Noteby Thilo Hanemann | May 4, 2012 The People’s Bank of China just released China’s 2011 Balance of Payments (BOP) and International Investment Position (IIP) data. This note summarizes the most important changes in China’s global balance sheet in 2011 and comments on the policy developments and ...
Noteby Thilo Hanemann | April 4, 2012 Chinese direct investment in the United States dipped to $69 million in Q4 2011, dragging down the full year figure to $4.5 billion. This is a slight drop from last year’s $5.2 billion and significantly lower than figures for Europe, ...
Articleby Thilo Hanemann | February 22, 2012 Bilateral investment was a big agenda item last week when Chinese Vice President and presumed President-to-be Xi Jinping visited the U.S. Yet while most attention went to a deal with DreamsWorks studio that will allow greater access to China for foreign film companies, investment flows in the other direction—from China to the U.S.—remain a contentious issue. And in this respect, China's fate is more in its own hands than people realize.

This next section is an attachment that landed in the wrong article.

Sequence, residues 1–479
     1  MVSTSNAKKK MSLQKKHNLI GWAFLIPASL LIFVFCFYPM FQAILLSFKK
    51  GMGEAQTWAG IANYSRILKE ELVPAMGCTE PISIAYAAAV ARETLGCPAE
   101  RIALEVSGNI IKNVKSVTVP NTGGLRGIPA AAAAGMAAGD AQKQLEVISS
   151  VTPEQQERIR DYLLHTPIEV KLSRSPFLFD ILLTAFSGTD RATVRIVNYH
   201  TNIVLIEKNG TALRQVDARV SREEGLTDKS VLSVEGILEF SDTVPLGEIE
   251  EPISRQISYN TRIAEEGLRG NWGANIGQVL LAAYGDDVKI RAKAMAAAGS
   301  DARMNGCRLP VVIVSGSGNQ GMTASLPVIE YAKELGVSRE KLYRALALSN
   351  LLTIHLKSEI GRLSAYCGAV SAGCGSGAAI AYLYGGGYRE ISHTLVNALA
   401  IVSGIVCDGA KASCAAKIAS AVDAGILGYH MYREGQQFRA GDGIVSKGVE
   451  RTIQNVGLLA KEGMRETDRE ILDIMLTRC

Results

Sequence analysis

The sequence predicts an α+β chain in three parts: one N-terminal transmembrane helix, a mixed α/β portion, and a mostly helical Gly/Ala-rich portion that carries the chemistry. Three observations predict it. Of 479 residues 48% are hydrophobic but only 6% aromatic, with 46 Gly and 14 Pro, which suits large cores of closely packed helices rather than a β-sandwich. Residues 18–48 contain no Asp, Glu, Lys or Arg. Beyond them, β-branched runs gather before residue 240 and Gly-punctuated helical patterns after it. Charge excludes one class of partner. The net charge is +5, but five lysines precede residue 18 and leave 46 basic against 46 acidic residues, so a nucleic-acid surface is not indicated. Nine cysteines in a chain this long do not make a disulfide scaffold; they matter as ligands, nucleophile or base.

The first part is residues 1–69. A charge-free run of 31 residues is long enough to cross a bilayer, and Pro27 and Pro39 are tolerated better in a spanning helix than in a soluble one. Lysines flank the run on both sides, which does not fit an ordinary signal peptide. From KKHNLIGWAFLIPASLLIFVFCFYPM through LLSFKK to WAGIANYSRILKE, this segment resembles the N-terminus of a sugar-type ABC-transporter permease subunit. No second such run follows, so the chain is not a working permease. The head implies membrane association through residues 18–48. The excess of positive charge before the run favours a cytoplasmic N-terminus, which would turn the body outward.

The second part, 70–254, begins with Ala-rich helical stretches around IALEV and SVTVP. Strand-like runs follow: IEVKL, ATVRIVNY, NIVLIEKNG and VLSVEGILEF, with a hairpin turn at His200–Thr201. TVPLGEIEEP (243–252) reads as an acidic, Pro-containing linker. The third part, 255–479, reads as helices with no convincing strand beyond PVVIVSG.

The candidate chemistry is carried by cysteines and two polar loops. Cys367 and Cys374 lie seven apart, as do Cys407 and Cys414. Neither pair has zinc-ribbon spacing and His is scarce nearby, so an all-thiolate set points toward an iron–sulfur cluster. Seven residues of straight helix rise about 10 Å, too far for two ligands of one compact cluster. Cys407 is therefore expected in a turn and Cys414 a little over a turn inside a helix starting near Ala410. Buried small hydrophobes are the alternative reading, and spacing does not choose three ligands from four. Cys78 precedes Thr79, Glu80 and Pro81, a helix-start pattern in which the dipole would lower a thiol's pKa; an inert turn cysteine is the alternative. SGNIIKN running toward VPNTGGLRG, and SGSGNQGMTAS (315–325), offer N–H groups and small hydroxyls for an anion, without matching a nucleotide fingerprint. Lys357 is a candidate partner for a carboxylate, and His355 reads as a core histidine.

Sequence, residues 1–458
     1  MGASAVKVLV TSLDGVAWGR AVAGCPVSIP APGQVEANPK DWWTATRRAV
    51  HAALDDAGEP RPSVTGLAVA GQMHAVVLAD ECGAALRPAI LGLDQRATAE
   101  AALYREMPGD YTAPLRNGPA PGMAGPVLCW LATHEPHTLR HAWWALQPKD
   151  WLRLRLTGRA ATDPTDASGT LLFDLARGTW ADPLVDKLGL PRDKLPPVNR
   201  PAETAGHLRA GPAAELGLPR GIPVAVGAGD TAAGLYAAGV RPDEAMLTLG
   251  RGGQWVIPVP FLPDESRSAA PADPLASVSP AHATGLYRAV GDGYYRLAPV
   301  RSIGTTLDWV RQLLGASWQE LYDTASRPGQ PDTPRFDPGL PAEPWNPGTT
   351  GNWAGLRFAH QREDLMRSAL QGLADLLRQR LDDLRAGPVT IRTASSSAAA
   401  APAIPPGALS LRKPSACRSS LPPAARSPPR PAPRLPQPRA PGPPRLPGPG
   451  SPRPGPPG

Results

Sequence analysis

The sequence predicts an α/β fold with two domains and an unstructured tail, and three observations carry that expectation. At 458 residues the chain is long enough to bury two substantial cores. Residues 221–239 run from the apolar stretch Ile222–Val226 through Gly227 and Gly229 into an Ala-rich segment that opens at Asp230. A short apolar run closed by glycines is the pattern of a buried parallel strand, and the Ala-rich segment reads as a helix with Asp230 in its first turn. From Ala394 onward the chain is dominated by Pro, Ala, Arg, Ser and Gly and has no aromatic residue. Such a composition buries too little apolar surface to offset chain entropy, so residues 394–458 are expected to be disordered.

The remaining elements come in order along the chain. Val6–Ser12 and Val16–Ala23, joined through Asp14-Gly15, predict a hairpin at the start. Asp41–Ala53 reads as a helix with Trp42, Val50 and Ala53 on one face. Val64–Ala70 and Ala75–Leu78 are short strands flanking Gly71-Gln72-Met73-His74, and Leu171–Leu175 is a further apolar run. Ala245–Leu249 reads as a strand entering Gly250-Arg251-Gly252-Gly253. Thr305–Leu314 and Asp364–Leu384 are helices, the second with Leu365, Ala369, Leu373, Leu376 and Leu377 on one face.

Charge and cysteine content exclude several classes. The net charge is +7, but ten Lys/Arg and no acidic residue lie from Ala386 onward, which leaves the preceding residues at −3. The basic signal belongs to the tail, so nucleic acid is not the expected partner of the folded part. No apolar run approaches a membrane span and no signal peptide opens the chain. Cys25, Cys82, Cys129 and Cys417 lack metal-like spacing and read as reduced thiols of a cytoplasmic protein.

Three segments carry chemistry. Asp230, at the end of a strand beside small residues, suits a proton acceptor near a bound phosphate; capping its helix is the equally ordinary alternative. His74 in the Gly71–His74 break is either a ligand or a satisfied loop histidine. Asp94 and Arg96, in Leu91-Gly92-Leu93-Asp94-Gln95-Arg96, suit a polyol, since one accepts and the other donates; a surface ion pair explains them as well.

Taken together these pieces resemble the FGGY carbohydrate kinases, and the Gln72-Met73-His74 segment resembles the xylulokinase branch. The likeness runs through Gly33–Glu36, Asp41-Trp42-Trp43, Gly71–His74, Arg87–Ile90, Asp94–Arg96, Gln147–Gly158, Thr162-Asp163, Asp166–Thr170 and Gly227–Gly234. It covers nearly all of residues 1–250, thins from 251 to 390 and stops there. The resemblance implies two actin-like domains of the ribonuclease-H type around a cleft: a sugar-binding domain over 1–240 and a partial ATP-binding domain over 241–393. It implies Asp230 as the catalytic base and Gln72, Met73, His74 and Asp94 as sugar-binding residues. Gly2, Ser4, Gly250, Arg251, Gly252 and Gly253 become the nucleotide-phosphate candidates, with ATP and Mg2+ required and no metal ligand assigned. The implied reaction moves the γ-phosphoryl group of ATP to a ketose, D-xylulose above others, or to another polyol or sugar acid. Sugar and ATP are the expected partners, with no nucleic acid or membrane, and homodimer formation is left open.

Noteby Thilo Hanemann | December 21, 2011 In Q3 2011, Chinese investors expanded their foothold in the United States, spending 1.03 billion for 9 greenfield projects and 9 acquisitions. This update summarizes the third quarter trends, analyzes key transactions, and discusses the latest policy developments in the U.S.-China investment relationship.
Articleby Daniel H. Rosen and Thilo Hanemann | October 24, 2011 This report in the Vale Center on Sustainable International Investment at Columbia University's FDI Perspectives by Daniel Rosen and Thilo Hanemann focuses on how the US can maximize its benefits from China's expansion of outward foreign direct investment.
Articleby Pramit Pal Chaudhuri | September 23, 2011 Pramit Pal Chaudhuri revisits a 2007 book by James Mann, which identifies two main schools of thought on China (that economic growth would lead to a dominant middle class, and China would eventually become tolerant and democratic; and that China's conflicting liberal economy and totalitarian regime would lead to China's fall) and then offers a third--- that China would continue to grow its economy rapidly, without altering its one-party political system.
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